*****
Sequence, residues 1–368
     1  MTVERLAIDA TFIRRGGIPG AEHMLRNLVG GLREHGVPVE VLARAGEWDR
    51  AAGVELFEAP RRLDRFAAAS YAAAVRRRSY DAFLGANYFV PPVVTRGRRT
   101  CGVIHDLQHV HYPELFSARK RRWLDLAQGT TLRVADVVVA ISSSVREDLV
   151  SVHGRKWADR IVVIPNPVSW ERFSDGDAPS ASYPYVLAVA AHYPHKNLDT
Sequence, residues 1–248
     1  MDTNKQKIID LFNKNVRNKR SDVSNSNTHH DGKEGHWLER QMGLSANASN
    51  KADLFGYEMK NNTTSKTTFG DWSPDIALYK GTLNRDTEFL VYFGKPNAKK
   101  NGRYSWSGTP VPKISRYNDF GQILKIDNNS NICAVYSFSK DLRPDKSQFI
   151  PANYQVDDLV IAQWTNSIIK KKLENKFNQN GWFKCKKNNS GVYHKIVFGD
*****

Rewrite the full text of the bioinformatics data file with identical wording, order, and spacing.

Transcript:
Sequence, residues 1–368
     1  MTVERLAIDA TFIRRGGIPG AEHMLRNLVG GLREHGVPVE VLARAGEWDR
    51  AAGVELFEAP RRLDRFAAAS YAAAVRRRSY DAFLGANYFV PPVVTRGRRT
   101  CGVIHDLQHV HYPELFSARK RRWLDLAQGT TLRVADVVVA ISSSVREDLV
   151  SVHGRKWADR IVVIPNPVSW ERFSDGDAPS ASYPYVLAVA AHYPHKNLDT
Sequence, residues 1–248
     1  MDTNKQKIID LFNKNVRNKR SDVSNSNTHH DGKEGHWLER QMGLSANASN
    51  KADLFGYEMK NNTTSKTTFG DWSPDIALYK GTLNRDTEFL VYFGKPNAKK
   101  NGRYSWSGTP VPKISRYNDF GQILKIDNNS NICAVYSFSK DLRPDKSQFI
   151  PANYQVDDLV IAQWTNSIIK KKLENKFNQN GWFKCKKNNS GVYHKIVFGD